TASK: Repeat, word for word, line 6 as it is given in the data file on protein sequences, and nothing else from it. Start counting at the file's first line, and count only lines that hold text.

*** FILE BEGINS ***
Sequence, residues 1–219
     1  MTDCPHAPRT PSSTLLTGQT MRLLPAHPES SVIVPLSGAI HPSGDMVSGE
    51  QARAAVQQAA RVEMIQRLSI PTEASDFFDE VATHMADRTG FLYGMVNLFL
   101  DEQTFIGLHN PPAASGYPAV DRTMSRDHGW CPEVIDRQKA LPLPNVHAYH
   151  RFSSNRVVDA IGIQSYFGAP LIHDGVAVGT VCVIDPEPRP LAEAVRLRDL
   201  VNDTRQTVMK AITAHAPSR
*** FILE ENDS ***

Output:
   201  VNDTRQTVMK AITAHAPSR